The technic of glazing was invented during the 2nd century AD. Later Han ceramics, pottery as well as other objects like candle holders, are regularly glazed by yellowish brown, green-gray, black or translucent slurry. The left vessel (50 cm tall) shows that even new types of vessels came up. Western Jin Dynasty 西晉 pots are typically covered with the picture of a fortress, sometimes with a flock of doves sitting on the roofs and wild animals playing around.
Jin Dynasty pottery is tending to be more round than the traditional vessel types from Shang to Han dynasties. The left vessel is covered with a dark glaze, into that flower patterns are scratched.
The new vessel types are often straight necked over a wide belly. The black glazed pottery is typical for Eastern Jin times.
Not every pottery of the time of division followed the new stream of types and shapes. We still find traditional three legged pots like the left yellow glazed pot from the Six Dynasties time 六朝. The composition of this object is not traditional, especially the hollow handle to pour out the wine inside that could be heated by a small fire between the three legs.
Like during Han times, the nobility of the time of division had still made figurines of persons to enrich either their palace rooms or their tomb. While the more civil oriented dynasties of the south favored civil persons like officials and court women, the warrior dynasties in the north preferred depictings of soldiers (from the left: a ceramic figurine from Eastern Jin; from the Southern Dynasties; and from Northern Wei 北魏).
A stoneware pot from Sui Dynasty 隋. Although very short-lived, the Sui Dynasty developed its own style for jars, characterized by a long neck and a dragon head-handle with the dragon head partially hidden in the spout.
Three color glazing (sancai 三彩) was very popular during Tang Dynasty 唐. The three legged ball shaped vessel to the left is totally glazed with brown color, only added with green coloured leafs giving the vessel the appearance of a pumpkin.
Tang popular art gives us clear details of the intrusion of Non-Chinese peoples into China. Camels traveled along the silk road to Inner Asia, bringing with them mercantiles and musicians from the West. Horses were an immensurable part of the military society of Tang, and figurines of horses are found everywhere. The example of the horse to the left is not glazed, but only painted.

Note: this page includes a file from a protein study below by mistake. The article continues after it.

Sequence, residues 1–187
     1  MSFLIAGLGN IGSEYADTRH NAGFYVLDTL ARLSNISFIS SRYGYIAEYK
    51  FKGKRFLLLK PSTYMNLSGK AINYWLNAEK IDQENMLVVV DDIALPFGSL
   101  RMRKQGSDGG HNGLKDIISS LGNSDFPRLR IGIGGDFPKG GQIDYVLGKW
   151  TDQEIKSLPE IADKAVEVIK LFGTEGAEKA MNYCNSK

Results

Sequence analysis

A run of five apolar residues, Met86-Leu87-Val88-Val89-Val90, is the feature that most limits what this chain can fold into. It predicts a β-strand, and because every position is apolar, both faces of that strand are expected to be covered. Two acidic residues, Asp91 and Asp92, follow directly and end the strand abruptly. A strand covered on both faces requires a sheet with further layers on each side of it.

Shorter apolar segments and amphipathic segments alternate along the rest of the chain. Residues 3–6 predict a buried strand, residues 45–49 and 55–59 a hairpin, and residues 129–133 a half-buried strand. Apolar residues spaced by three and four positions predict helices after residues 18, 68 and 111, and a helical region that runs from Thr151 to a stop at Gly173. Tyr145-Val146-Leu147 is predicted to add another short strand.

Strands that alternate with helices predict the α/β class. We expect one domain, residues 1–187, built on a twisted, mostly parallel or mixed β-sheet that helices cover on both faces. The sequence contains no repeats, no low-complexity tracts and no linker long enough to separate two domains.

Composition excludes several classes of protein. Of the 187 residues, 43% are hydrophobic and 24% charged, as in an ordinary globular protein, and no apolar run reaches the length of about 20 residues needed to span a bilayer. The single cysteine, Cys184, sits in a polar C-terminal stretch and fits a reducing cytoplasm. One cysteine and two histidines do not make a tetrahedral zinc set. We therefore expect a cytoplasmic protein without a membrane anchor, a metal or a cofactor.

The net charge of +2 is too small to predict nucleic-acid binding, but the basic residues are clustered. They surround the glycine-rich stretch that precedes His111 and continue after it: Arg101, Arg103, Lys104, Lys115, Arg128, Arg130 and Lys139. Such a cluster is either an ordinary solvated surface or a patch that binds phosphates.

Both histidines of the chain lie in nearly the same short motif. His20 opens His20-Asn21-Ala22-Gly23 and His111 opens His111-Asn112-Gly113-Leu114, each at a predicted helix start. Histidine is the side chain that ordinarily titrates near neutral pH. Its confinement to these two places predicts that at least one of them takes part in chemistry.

Tomb offerings are already highly important archeological findings to reconstruct social life of Han dynasty. Equally, the life of the ruling class is well represented by these three coloured figurines of court ladies, dancers and eunuchs or officials.
Engraved with petals, this beautiful transparently glazed Five Dynasties 五代 box is shaped like a pumpkin or an apple.
Song period 宋 earthenware is mostly glazed with blue flux, like the bowl to the left. The shapes of Song time vessels are entirely new and cut off their binding to the traditional pre-Han forms.
A rose red glazed dish with three feet from Song Dynasty. Although most Song ceramics and porcelain is glazed with soft blue or green, fresh colours like in this example, or even black glazings are often seen.
While the ground material clay is still formable, the patterns of peony flowers were cut into the body of this 20 cm tall Song time vase, before it is glazed to be dark green after the furnace process.
East Asians do not use pillows like in the West. This tiger shaped head rest is one of the oldest examples of Chinese furniture, dating from Jurchen Jin Dynasty 金.
Without any glazing, this 30 cm tall Yuan Dynasty 元 jar has the appearance of greek ceramics. Wave patterns at rim and bottom, the picture in the middle shows a scholar reading a book while he is sitting in a boat.

  © 2000 ff · Ulrich Theobald · Mail